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The Failures of Anti-Communism

Updated on April 11, 2013
Main St., too.
Main St., too. | Source

Today, there is little talk of communism, regarded mostly as an experiment that failed. But for almost an entire century, fear of the underclasses taking charge was rampant. Ever since the French Revolution, there could be no credible talk of royal and aristocratic forms of government. But communists did not stop there. They took aim at the middle class, too. In fact, they targeted the middle class and dissed just about all its cherished beliefs, customs, traditions, tastes, and standards. In 1919, the Third International Comintern formed to insure communists that they alone would dominate all the various movements to the left of status quo capitalism. Although Germany, considered the center, or possibly the next center of power, in Europe, remained independent of revolutionary forces, it had always been the original communists's object of desire. Russia had its own axes to grind, primarily against the oppression of a Tsar and his vast power and domain. But since it was Russia, not Germany, that eventually accepted the renegades of the Left Wing, many intellectuals, artists, and, for lack of a better term, liberals, rallied to their cause. Later on, it is worth noting, they changed.

The above is a short history indeed. The truth is much more complicated. But the point of the hub is that despite being unprecedented and without much in the way of historical ties, or even well-wishers, the communists who settled into Russia, booted out their rivals, then spread out across the globe, were incredibly hard to fight, cold or hot. In fact, they were never fought effectively. That they were smart and capable, if at times under-financed and short-handed, is a given. But anti-communists were at least as smart and capable, and also had the advantage of being well-funded, with tons of popular support. And as strong and vibrant as the leading anti-communist country, America, was, internally and externally, its fight against communism was much more difficult than anticipated.

Look at the record: McCarthy, HUAC, Korea, China, Europe, Vietnam, Cuba, and an assortment of other contested regions. At best, America acquitted itself with a semblance of decency, but never victory. Not altogether. Despite the possibility that he was right, McCarthy could not conclusively prove the existence of communists in the state department. HUAC subpoenaed a number of Hollywood writers, actors, producers, and directors, some of whom indeed were members in the Communist Party of America. Others were merely activists with casual card-carrying acquaintances. Nonetheless, HUAC could also never establish that filmmakers, individually or in concert, did much more than contribute to the manufacture of movies that most people liked. They were, as a whole, however (if this is condemnatory), highly motivated to bring about a better world. But outside of providing opprobrious alternative entertainment of a sort, little to nothing was accomplished by this congressional committee. Also, the Hiss-Chambers drama, despite ending in a conviction, to this day remains inconclusive.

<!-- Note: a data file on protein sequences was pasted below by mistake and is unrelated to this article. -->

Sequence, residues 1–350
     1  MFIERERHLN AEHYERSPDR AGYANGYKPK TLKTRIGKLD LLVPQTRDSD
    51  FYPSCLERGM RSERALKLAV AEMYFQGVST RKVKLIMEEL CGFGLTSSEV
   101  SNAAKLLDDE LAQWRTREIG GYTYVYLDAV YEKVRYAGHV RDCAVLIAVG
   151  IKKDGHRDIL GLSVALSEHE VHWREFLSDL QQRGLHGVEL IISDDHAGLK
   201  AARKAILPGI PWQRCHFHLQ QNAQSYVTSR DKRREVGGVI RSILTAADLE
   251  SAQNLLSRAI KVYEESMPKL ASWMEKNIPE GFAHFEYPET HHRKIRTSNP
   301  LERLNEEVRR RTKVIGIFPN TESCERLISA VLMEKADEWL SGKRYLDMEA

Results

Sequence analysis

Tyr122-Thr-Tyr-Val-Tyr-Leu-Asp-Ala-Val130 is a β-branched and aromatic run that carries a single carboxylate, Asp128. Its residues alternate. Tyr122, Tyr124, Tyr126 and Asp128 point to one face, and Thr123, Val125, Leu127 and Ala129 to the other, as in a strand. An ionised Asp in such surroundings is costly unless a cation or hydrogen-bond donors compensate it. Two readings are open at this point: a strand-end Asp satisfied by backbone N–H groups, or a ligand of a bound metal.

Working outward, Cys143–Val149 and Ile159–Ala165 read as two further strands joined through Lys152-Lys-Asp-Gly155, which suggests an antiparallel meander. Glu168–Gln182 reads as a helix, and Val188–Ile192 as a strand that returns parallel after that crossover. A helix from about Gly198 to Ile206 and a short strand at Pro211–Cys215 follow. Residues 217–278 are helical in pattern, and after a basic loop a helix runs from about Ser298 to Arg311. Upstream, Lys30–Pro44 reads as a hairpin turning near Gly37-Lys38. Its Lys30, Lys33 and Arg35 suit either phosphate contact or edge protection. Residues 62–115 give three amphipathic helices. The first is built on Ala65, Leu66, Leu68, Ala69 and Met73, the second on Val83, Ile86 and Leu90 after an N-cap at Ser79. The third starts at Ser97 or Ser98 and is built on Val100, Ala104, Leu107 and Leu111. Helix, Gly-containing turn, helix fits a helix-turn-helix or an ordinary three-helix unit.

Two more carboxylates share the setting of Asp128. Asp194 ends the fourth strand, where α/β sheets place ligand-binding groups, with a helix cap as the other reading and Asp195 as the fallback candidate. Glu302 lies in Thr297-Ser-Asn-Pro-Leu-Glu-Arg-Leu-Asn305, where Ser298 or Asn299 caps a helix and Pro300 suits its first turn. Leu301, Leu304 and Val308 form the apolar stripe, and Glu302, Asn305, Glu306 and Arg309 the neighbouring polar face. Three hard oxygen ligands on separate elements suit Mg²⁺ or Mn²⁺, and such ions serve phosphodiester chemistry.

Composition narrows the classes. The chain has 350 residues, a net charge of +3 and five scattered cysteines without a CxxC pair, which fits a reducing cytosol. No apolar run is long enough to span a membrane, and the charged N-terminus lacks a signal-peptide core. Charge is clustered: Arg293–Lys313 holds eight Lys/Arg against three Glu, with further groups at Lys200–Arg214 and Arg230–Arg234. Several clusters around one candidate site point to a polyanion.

In Korea, fighting had to be abandoned. Later, in Vietnam, the same result ensued. Cuba, just eighty miles away, turned out to be well-fortified and surprisingly prepared, courtesy of the old Soviet Union. Eastern Europe lost country after country to the Iron Curtain with virtually no opposition. In China, American-backed Chiang Kai-Shek ultimately capitulated to Mao Tse Tung, who won not only on battlegrounds but within the hearts and minds of his fellow-countrymen. In other words, although communism is in abeyance, it was a terrible problem in its heyday, and threatens to be so again, should it return. Few people one meets, then or now, cotton to communism, and yet, transient though it was, it had strongholds all over the globe. This includes our own hemisphere. Overseas, it controlled (slaughtered and lorded over) Cambodia. In Latin America, it achieved legitimacy in El Salvador. In South America, the Chilean military had to overthrow an elected government in order to oust a radical, socialist president.

Not to spoil the party. . . . But since capitalism is the dominant economic system, the only real exception being Red China, now is the time for it to excel and not squander an opportunity that might not last forever. As far as anyone knows, there is no competitive economic configuration in the West, and despite any and every catastrophe, capitalism will probably only be succeeded by the kingdom of heaven. And yet, with one crisis after another, and the awful quagmires that persist, despite the best efforts and attendant noble prize-winning minds, there are grave doubts. With every passing day, the 19th century industrialism that was first and foremost in the mind of Marx becomes more and more quaint. But we are all economic animals, and the primary form of capitalism that currently obtains, along with its secondary variations -- consisting as it does of innumerable markets -- is surely not that of our fathers and grandfathers. Just something to keep in mind. . . .


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